Autonomous shuttles such as the EasyMile 10, Proterra Catalyst, Navya Autonom, or Olli II provide the ideal vehicle for moving people in a personalized setting. These vehicles can provide frequent service, are relatively brisk in a dedicated environment, and, most importantly, they are easy to use, with flat floors and sliding doors over a generous opening. The shuttles are all-electric and exhibit a proven track record of safety, even in complex environments with pedestrians and bicyclists. Use of center platforms allows for stairs with an elevator on one end and escalators on the other, reducing costs for surface access while simplifying the user experience. Most importantly, unlike transit buses, the shuttles can turn around in a limited space, eliminating the need for a large-radius cul-de-sac at the west end of the tunnel.

Key characteristics of the low-speed autonomous shuttle include excellent visibility, flat-floor boarding, a mix of seating and supported standing space, and sliding doors with a full-height entrance, all working in concert to create a welcoming atmosphere.

Simply put, the Distributor will connect people all across downtown Bellevue with transit service to the east and with I-405, where the opportunity exists to redevelop the NE 8th St interchange and possibly construct new Mobility Marketplaces that could function as Park & Ride facilities serving downtown and the region.

Clear and simple signing will direct users to stations along the route. Wayfinding on the surface will change over time but high-speed mobile network availability in the tunnel with augmented reality navigation on mobile devices might make much of what we see today obsolete.

The real benefit of the Distributor is its ability to handle freight and deliveries with new smaller vehicles envisioned for cities. Pull-in, pull-out parallel parking spaces would be provided on either end of the center platforms at stations along the route, with a 14-foot wide area ensuring an ample buffer for personnel, allowing parking and unloading out of the weather. While these spaces could support mid-size delivery vans such as the Mercedes-Benz Sprinter, Ford Transit, or Nissan NV200, the real power of this space is driverless vehicles. Time spent driving between locations could now be concentrated at the logistics hubs at each platform. Vehicles that could be unloaded quickly would not require parking at all. Even a small logistics hub east of I-405 or in a converted parking facility would be all that is necessary to move goods between a 26-foot box truck and smaller autonomous delivery vehicles authorized to use the tunnel. This last-mile logistics solution may add the security and predictability necessary to provide direct-to-customer package deliveries, on time, in the Distributor. Don’t forget to grab a pre-ordered cup of coffee on the way back to the office during your four minutes of freedom.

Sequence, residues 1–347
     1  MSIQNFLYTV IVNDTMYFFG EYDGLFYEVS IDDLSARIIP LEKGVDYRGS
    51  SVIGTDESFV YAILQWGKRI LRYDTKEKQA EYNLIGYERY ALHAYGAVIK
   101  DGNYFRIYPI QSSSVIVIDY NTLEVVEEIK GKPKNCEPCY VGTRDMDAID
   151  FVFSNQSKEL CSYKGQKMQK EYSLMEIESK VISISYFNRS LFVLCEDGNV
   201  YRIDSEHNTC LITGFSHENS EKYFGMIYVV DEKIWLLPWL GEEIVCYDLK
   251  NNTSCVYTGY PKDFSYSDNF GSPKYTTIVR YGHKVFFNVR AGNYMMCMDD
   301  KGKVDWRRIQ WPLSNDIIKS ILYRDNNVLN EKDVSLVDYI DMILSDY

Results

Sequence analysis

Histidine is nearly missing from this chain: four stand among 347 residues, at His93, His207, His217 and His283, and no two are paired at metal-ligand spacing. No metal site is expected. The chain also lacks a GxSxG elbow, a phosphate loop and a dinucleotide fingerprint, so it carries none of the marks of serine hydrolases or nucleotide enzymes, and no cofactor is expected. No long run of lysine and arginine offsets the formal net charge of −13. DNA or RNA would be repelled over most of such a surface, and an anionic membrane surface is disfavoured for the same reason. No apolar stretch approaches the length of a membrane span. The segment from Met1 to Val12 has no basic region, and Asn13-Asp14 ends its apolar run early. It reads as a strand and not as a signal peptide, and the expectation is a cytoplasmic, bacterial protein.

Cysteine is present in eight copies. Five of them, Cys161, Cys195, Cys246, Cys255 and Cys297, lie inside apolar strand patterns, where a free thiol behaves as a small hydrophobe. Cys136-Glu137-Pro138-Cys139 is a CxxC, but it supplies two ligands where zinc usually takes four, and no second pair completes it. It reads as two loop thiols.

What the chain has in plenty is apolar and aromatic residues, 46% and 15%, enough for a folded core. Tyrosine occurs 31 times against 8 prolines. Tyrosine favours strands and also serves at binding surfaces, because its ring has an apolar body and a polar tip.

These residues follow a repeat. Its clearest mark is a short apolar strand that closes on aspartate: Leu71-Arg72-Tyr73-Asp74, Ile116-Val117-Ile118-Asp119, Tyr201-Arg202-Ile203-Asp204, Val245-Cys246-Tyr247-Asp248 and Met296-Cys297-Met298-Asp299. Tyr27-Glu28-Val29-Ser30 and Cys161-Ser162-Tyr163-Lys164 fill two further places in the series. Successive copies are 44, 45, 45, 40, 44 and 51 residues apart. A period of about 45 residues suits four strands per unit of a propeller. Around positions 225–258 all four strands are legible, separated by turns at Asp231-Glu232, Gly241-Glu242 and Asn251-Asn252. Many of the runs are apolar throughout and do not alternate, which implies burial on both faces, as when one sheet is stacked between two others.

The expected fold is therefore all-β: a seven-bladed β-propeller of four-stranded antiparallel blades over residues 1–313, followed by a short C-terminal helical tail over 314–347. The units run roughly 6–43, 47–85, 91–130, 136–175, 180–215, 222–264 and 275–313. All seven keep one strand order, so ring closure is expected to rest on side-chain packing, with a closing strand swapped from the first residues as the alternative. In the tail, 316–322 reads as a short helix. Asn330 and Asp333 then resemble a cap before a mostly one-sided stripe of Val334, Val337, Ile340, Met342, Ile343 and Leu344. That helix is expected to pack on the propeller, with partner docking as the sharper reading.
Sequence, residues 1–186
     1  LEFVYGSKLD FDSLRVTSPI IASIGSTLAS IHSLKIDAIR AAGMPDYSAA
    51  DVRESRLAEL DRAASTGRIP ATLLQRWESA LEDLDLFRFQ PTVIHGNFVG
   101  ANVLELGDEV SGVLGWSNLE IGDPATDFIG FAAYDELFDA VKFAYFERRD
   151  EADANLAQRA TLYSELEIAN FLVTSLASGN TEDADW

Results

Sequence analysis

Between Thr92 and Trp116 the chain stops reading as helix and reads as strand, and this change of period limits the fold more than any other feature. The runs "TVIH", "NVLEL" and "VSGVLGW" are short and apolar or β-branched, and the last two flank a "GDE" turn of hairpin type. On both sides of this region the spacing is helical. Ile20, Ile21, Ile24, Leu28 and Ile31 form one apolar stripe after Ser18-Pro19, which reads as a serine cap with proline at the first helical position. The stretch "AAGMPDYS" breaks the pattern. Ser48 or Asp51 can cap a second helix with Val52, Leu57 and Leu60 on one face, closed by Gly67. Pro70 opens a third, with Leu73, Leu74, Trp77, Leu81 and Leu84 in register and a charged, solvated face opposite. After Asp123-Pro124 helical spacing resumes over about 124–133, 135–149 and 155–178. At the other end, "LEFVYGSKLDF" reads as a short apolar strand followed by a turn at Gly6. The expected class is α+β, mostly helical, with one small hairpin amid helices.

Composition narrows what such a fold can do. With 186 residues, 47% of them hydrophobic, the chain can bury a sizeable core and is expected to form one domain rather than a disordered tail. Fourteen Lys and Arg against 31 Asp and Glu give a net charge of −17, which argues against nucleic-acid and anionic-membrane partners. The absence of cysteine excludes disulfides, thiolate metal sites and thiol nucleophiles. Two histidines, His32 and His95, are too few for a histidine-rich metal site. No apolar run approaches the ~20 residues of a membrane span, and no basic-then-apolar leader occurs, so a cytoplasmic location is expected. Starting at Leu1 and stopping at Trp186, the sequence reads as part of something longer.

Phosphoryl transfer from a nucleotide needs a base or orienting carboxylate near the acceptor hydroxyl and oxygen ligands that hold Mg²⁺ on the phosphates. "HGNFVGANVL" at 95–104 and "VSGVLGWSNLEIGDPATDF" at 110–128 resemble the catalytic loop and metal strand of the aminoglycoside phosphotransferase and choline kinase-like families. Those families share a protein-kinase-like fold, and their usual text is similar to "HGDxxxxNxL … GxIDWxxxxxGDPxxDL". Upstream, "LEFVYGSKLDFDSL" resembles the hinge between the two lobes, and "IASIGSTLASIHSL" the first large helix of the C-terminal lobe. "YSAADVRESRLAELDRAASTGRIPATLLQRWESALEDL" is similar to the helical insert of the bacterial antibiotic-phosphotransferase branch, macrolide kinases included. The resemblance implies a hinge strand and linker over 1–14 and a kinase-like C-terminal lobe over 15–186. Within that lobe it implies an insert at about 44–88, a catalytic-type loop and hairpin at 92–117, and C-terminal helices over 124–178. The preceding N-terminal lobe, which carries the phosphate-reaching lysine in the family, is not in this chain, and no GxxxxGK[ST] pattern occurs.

The Distributor: It’s not a pretty name. Much like Chicago’s freight-oriented Lower Wacker Drive, the Distributor will stand the test of time but it will not be the gritty guts of the City. Today, modern illumination systems, a dedication to public art, and the flexibility of what amounts to the open-source access of the roadway system create limitless potential. Lower Wacker Drive in Chicago brings freight to the Windy City’s office buildings in its unique downtown, connecting to Congress Parkway and the world. The Distributor will bring the world the downtown Bellevue, connecting I-405 and East Link to the one of the region’s most sought-after residential and shopping districts. The jewel of Bellevue has a heartbeat. Its east-west pedestrian mall can remain a place for people, trees, and gathering spaces. The city’s pulse, the free movement of people and goods unconstrained by traffic congestion and weather, will be hidden from sight yet accessible to all.

This work is the author’s original technical creation. Development of this concept was made possible by the Transportation Futures Fellowship of the Cascadia Center for Regional Development, a program of the Discovery Institute.